23 June 2010—After five years of development, Prysm, based in San Jose, Calif., has introduced a laser television. The technology is built around Prysm’s patented repurposing of Blu-ray lasers to excite red, green, and blue pixels on a screen, just as old-fashioned cathode ray tubes (CRTs) do. Unlike CRTs, however, Prysm’s "laser phosphor display" (LPD) is compact, energy efficient, and has high resolution. The company—whose outsize ambitions were reflected in a booth equal in size to Panasonic’s and Sharp’s at InfoComm earlier this month—says the technology will be competitive with LCDs and plasma screens, the dominant players in today’s HDTV market, within three to five years.
The first-gen Prysm TV (dubbed the TD1) is composed of a glass screen measuring 25 inches diagonally (63 centimeters), the inside of which is painted with tiny vertical lines of phosphor that glow red, green, or blue when hit with a soft UV laser. The TD1’s lasers sit behind the screen, pointing up toward a bank of small, rapidly moving mirrors similar to the kind used in laser printers. The mirrors scan the lasers across the screen to produce the picture.
This setup makes the display 14 inches (36 cm) thick. But it results in power consumption that no competitor can touch. Prysm’s televisions run at one-quarter the power of comparable LCDs and at one-tenth the power of plasma screens. If a display is operating 24/7—as many commercial displays do—then in just over five years, Prysm’s low energy usage will add up to tens of thousands of dollars in savings on electricity bills.
Much of Prysm’s product can be built with existing technology and does not require expensive clean rooms for making the screen. In fact, senior director of panel development David Kindler jokes that he assembled the first TD1 prototype in the company’s simple basement shop—what he calls a "carpeted fab."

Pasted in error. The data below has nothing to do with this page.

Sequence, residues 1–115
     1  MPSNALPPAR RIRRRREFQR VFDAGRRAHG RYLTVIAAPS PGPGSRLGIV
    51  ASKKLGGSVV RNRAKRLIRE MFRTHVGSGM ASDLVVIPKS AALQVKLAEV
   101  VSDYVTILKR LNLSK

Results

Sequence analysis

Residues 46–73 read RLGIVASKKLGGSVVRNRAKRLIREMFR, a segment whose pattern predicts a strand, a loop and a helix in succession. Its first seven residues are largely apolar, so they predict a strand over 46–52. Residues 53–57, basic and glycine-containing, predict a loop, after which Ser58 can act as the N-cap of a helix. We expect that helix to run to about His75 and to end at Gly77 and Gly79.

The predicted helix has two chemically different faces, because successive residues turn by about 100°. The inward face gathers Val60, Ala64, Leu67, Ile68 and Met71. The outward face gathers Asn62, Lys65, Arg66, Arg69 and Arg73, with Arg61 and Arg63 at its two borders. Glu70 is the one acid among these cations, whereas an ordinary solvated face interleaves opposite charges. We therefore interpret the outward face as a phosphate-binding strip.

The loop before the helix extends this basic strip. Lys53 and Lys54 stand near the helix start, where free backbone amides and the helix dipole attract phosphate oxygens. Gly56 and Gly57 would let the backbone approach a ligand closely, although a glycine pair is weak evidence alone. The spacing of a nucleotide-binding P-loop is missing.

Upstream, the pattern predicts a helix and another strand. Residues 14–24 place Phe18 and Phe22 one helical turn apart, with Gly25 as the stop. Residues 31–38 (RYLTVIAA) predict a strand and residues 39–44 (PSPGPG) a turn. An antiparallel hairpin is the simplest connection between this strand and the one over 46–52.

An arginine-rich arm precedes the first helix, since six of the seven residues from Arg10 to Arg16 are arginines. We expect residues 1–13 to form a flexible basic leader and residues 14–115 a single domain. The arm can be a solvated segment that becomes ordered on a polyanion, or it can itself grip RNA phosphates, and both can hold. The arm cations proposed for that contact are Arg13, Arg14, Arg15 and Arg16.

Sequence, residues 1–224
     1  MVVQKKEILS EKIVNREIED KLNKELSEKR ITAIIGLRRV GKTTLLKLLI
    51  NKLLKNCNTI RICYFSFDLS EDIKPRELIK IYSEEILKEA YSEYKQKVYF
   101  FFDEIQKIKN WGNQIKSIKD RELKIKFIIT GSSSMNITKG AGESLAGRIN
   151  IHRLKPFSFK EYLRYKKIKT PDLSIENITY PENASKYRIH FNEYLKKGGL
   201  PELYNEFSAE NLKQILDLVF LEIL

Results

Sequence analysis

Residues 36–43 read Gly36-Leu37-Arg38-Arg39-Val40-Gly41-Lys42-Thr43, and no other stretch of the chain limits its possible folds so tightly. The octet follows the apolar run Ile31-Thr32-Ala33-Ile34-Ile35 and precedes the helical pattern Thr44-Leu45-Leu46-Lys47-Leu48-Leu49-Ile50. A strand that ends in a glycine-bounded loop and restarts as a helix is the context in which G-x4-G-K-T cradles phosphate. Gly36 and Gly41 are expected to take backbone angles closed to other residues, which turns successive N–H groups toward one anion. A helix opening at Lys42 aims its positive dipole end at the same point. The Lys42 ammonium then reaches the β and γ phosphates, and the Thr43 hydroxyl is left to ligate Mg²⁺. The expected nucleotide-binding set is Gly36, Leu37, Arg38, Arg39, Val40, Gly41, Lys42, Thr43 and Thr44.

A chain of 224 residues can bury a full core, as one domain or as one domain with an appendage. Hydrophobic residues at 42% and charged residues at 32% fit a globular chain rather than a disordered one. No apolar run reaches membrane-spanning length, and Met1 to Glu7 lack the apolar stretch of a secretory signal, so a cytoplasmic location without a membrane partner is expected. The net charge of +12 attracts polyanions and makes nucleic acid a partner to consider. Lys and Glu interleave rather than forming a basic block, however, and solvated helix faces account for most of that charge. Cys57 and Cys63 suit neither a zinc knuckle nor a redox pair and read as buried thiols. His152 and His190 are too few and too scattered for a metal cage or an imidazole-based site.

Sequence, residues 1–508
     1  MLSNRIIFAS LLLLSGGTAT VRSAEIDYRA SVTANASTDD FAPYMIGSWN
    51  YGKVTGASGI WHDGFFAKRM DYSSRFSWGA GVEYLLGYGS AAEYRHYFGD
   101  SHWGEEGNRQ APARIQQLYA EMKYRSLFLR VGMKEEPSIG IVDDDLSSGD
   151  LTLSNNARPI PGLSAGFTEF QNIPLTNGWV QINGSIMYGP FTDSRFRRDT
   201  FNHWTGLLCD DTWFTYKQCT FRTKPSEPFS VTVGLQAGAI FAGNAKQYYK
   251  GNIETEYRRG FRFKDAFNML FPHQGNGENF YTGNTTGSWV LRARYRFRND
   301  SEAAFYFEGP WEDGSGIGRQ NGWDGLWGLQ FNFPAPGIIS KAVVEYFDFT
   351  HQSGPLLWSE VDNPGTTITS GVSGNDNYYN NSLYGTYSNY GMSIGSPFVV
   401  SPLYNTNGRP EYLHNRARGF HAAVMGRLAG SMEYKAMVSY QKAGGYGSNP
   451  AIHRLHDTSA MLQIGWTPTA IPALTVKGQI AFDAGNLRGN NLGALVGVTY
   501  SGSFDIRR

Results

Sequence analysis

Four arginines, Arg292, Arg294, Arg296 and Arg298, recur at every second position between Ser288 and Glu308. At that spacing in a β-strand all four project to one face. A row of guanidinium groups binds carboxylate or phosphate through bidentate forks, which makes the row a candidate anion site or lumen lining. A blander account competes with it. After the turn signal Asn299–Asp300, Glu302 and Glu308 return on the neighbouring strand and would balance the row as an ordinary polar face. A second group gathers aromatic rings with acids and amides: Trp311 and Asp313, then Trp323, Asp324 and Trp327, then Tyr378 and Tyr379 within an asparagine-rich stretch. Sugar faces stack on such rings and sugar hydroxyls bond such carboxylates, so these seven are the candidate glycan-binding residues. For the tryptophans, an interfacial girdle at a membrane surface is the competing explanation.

"It’s just a clever integration of existing technology," says Brad Gleeson, CEO of Toronto-based design firm Vertigo Digital Displays. "When you think about the great inventions over time, it’s always one of those things where you say, ’Boy, why didn’t I think of that?’ It’s totally obvious after somebody has done it."
Don’t expect an LPD TV in your home this holiday season, however. For now, they’re just for commercial use in locations such as airports, train stations, shopping malls, and conference centers. For Gleeson, that’s not surprising. He recalls a newfangled product that appeared on the market in the mid-1990s—plasma-screen televisions. "The first plasmas were 42 inches, and we sold them for US $13 000 apiece," he says. The screens boasted a resolution of only 800 by 480 pixels. Only big commercial clients like arenas and convention halls could afford such a steep price for technology "that you can buy today at Best Buy for 800 bucks and will look 10 times better," he says.
Prysm is following the well-worn path of many fledgling technologies, Gleeson says: Work out the kinks with pricier models for corporate clients and only then, after manufacturing has been streamlined and economies of scale have kicked in, launch consumer product lines.
Patrick Tan, Prysm’s vice president of panel development and manufacturing, says the company enjoys one advantage unavailable to most start-ups: Its new technology doesn’t require a new line of parts. "One of the guiding principles of the company from early inception was, ’Use the high-tech supermarket of the world.’ " Almost nothing inside the TD1 requires new components, Tan says. The lasers, mirrors, phosphors, and other critical elements are all widely available, so Prysm’s ramp-up to large-scale production could be sooner, and the time to develop consumer products all the shorter.
Yet for all the innovation behind the LPD, Prysm’s display does have something of the look and feel of a rear-projection system—televisions that were once hyped but still can’t compete with HDTV mainstay technologies like LCD and plasma.
Randy Byrd, CEO of audiovisual consulting firm Sensory Interactive, based in Towson, Md., says this year’s InfoComm also showcased an LED-lit rear-projection display (the Christie MicroTiles), which he says, together with Prysm, shows how rapidly rear-projection technology is evolving. Neither the TD1 nor the MicroTiles suffer the low-brightness problems of old rear-projection sets. Both modules can also be seamlessly stacked to make massive video walls, something that can’t be done with old rear-projection sets, LCD TVs, and plasma HDTVs.
As a low-power technology that’s scalable to larger sizes, LPD makes the promise of laser TVs both tantalizing and, perhaps, close at hand.
About the Author
Mark Anderson is a freelance writer based in Northampton, Mass. In the May 2010 issue of IEEE Spectrum, he reviewed two recent books about two beautiful minds: a mathematician and a physicist.